The legality of OxyContin manufacturer Purdue Pharma’s bankruptcy settlement is being challenged by President Joe Biden’s administration, and the U.S. Supreme Court agreed to hear the case on Thursday, postponing a deal that would have protected the company’s wealthy Sackler family owners from legal action over their role in the nation’s opioid epidemic.
The justices halted Purdue and its affiliates’ bankruptcy proceedings and said that they would hear oral arguments in December over the administration’s appeal of a lower court decision upholding the settlement. The new term of the Supreme Court starts in October.
In exchange for paying up to $6 billion to settle thousands of lawsuits brought by states, hospitals, addicts, and others against the Stamford, Connecticut-based company over its deceptive marketing of the potent painkiller OxyContin, Purdue’s owners would receive immunity under the settlement.
Purdue released a statement in which it expressed disappointment at the U.S. Trustee’s ability to “single-handedly delay billions of dollars in value that should be put to use for victim compensation, opioid crisis abatement for communities across the country, and overdose rescue medicines.” The U.S. Trustee is the Justice Department’s bankruptcy watchdog.
“We are confident in the legality of our nearly universally supported plan of reorganization, and optimistic that the Supreme Court will agree,” the company added.
Justice Department officials opted not to comment.
The question at hand is whether American bankruptcy law permits Purdue’s restructuring to provide legal protections for the Sackler family members who haven’t declared personal bankruptcy.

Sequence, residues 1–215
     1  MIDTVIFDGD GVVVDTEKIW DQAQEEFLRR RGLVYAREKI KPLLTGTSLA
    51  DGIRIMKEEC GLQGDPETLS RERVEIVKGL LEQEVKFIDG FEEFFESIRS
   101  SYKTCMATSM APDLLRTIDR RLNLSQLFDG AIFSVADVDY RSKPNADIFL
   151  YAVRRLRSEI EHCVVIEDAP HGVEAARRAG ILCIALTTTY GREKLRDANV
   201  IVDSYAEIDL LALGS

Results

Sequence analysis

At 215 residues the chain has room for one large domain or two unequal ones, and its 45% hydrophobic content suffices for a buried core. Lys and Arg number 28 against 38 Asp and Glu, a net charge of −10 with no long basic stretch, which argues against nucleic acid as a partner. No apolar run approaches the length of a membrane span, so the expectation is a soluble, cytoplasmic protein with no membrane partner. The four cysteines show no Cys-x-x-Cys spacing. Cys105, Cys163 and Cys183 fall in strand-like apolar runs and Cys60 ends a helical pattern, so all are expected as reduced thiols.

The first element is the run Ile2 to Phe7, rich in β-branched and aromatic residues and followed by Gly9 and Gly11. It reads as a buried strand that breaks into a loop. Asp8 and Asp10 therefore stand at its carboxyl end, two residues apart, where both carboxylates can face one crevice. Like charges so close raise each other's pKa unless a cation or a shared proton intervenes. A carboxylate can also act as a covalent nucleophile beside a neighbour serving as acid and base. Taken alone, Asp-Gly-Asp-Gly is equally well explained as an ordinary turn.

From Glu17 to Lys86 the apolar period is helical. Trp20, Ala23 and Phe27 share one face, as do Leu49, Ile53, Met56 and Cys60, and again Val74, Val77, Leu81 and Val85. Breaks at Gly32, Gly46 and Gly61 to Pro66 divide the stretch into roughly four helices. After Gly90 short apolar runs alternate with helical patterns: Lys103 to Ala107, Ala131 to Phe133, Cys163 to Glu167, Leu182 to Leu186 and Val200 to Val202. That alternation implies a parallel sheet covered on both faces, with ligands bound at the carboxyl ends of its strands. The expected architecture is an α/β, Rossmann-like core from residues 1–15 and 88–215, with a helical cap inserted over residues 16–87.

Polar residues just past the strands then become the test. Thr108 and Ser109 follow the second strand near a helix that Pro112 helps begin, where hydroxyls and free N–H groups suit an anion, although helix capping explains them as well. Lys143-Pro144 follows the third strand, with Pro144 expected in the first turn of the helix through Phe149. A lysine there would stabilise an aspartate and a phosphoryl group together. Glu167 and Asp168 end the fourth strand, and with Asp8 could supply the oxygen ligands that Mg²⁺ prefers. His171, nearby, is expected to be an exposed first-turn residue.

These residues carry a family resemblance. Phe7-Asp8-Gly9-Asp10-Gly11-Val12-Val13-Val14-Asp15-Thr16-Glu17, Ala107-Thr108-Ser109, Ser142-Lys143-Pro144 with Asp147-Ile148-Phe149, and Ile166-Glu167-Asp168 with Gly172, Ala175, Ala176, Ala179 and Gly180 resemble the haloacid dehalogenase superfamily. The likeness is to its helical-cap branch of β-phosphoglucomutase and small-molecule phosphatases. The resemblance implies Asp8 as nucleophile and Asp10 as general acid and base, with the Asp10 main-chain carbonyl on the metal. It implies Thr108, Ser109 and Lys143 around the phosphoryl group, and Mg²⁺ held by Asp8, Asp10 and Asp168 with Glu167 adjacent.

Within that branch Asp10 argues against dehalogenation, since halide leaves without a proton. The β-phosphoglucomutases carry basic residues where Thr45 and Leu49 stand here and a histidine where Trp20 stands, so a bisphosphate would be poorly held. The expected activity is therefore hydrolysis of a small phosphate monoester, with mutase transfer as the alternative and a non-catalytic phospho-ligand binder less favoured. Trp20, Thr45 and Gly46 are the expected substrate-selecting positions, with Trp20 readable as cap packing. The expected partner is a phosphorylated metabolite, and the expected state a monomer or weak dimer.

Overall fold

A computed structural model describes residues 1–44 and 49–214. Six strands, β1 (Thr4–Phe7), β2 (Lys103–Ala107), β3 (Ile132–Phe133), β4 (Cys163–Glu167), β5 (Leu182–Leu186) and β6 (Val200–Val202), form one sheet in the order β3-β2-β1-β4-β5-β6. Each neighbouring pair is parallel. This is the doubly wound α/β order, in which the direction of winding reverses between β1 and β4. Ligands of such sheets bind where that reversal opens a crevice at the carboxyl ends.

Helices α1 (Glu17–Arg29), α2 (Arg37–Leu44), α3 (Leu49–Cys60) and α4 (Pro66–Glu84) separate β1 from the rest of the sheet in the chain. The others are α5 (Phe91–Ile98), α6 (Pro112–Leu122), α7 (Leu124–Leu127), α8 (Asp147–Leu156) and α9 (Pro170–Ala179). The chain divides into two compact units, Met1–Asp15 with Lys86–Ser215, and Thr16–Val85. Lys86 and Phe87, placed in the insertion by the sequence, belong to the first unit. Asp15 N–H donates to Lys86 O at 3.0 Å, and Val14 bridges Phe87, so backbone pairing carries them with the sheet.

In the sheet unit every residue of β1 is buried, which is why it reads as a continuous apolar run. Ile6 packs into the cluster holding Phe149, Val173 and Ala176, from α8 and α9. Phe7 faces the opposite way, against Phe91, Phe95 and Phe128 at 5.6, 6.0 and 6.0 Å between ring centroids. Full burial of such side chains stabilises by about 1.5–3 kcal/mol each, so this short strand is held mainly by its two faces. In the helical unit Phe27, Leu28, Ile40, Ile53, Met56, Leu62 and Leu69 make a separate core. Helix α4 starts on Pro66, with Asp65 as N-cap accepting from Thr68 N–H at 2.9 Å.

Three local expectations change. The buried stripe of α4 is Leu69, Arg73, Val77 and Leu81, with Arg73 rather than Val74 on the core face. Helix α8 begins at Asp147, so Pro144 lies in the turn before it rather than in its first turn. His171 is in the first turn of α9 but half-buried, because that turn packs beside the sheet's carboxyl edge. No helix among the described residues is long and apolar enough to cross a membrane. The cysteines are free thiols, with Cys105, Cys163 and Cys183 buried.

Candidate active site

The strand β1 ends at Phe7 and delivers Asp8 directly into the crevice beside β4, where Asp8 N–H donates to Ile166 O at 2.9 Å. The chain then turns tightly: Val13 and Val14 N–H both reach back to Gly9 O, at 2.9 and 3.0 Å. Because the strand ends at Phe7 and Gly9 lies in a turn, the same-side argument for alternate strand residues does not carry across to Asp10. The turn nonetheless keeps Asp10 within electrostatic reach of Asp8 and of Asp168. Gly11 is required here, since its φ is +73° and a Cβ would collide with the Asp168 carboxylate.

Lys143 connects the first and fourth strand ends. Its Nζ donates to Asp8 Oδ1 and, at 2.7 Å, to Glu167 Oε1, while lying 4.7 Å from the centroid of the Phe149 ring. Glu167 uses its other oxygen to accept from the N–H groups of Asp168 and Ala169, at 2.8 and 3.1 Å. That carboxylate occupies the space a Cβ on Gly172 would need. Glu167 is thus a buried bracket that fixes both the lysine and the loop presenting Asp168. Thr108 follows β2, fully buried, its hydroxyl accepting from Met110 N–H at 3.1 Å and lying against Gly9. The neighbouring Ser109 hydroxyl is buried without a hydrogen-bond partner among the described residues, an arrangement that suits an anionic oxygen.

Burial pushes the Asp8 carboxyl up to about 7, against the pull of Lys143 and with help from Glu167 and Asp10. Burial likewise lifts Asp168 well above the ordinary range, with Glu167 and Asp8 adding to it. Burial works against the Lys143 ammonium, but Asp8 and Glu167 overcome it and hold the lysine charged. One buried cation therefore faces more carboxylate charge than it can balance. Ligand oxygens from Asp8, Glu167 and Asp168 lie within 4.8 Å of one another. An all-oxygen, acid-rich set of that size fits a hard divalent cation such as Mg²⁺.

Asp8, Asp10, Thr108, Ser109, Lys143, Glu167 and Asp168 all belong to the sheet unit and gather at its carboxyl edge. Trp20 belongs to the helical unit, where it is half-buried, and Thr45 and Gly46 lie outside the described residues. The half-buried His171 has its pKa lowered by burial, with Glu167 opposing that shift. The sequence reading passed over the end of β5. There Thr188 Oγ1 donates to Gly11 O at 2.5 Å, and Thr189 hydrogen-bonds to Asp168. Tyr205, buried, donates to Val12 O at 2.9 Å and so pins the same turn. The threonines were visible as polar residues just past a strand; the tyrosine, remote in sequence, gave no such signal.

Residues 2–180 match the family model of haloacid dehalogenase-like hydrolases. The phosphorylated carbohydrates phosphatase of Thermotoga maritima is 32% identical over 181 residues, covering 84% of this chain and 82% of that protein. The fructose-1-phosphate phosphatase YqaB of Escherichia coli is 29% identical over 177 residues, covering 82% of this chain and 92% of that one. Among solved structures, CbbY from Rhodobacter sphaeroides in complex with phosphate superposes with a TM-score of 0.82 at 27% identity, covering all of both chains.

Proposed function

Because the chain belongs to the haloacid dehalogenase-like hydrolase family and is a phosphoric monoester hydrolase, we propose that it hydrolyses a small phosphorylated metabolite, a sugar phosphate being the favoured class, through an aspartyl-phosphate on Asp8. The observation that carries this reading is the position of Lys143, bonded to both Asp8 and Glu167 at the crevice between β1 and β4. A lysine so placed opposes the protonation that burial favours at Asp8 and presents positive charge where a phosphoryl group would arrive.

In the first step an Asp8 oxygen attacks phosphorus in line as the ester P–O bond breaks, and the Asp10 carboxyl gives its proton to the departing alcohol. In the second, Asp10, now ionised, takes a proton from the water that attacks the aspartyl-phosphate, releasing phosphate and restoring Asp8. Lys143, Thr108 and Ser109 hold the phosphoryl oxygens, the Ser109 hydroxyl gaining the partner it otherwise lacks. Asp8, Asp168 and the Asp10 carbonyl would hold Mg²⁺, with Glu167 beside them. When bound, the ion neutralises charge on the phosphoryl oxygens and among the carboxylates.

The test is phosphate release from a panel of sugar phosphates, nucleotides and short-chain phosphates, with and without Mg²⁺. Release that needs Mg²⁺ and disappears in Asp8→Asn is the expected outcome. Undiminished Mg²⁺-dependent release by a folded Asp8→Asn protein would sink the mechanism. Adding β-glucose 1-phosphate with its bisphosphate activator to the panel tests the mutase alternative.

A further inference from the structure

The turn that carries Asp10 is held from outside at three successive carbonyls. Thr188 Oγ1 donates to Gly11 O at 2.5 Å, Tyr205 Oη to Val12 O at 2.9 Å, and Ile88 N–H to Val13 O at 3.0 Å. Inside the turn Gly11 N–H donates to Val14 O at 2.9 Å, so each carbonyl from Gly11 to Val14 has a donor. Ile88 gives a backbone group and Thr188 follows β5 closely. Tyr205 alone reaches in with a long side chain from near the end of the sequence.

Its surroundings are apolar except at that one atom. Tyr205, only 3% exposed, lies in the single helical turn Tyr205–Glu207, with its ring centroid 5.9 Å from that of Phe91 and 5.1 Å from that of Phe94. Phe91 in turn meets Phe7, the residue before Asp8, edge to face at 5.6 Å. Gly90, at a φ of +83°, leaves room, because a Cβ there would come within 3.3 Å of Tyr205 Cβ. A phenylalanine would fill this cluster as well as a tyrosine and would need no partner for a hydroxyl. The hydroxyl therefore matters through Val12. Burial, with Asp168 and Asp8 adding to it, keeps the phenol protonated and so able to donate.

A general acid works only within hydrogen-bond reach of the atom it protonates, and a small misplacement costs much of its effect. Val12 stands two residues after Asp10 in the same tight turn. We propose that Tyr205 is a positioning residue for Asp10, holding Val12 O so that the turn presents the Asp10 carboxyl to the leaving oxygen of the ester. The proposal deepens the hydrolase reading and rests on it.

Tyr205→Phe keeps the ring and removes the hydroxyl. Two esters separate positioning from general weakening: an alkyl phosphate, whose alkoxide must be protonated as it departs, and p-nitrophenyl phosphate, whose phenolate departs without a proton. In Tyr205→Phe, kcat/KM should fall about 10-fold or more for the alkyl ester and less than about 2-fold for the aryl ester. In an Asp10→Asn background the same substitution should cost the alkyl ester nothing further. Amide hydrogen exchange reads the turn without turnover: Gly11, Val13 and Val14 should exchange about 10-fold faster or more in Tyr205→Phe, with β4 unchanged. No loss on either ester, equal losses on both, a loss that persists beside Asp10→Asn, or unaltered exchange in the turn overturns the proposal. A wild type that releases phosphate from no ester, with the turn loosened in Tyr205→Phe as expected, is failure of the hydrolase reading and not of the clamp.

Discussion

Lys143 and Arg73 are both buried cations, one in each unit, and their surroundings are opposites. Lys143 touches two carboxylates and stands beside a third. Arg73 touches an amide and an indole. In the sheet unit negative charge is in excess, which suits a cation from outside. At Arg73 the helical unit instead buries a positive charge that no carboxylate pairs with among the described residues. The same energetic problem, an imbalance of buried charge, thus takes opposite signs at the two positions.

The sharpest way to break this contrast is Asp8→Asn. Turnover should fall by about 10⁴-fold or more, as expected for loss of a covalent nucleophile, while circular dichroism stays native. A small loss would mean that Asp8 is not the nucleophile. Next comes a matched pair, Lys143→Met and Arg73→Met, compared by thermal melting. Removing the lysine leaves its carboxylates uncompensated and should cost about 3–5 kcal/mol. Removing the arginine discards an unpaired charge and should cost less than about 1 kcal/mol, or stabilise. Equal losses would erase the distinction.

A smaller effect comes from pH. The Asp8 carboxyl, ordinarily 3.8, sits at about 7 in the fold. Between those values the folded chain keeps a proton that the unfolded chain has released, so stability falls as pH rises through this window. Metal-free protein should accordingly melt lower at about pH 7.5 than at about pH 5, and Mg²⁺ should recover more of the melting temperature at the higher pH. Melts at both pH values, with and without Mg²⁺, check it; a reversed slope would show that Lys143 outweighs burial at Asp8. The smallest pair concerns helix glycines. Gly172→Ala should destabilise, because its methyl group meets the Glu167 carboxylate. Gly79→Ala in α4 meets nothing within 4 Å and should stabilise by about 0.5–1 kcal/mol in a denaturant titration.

In order to pay off its debts, Purdue filed for Chapter 11 bankruptcy in 2019. Nearly all of these debts were the result of several lawsuits alleging that OxyContin contributed to the commencement of an opioid crisis that resulted in more than 500,000 overdose deaths in the United States over the course of two decades.
According to Purdue, the bankruptcy settlement it reached with its creditors, who include hospitals, state and municipal governments, individuals who are addicted to drugs or alcohol, and other parties who have sued the corporation, will be worth $10 billion after it is authorized by a bankruptcy judge in the United States in 2021.
The deal was contested by the Biden administration and eight states, but once the Sacklers agreed to make a larger contribution to the settlement fund, all of the states withdrew their objections.
The settlement was upheld by the 2nd Circuit in May, coming to the conclusion that under exceptional circumstances, non-bankrupt parties like the Sacklers are entitled to legal protections under federal bankruptcy law.
The 2nd Circuit determined that the legal claims made against Purdue were intricately tied to those made against the company’s owners and that continuing legal actions against the Sacklers would jeopardize Purdue’s efforts to settle its bankruptcy.
Although they have denied involvement, members of the Sackler family have expressed remorse that OxyContin “unexpectedly became part of an opioid crisis.” The bankruptcy deal, according to their May statement, would offer “substantial resources for people and communities in need.”
The government claimed in a court document that the Purdue settlement violated bankruptcy laws intended to safeguard debtors in “financial distress,” not people like the Sacklers. The administration claims that before agreeing to contribute $6 billion to Purdue’s opioid settlement, members of the Sackler family took $11 billion from the company.
The administration’s attempt to put an end to the settlement has received resistance from a large number of other groups.
The Supreme Court was informed by a group of more than 60,000 plaintiffs in personal injury lawsuits resulting from exposure to Purdue opioid medications that they approve of the settlement, including the legal protection granted to the Sackler family members.
“Regardless of how one feels about the role of the Sackler family in the creation and escalation of the opioid crisis,” the group told the justices, “the fact remains that the billions of dollars in abatement and victim compensation funds hinge on confirmation and consummation of the existing plan.”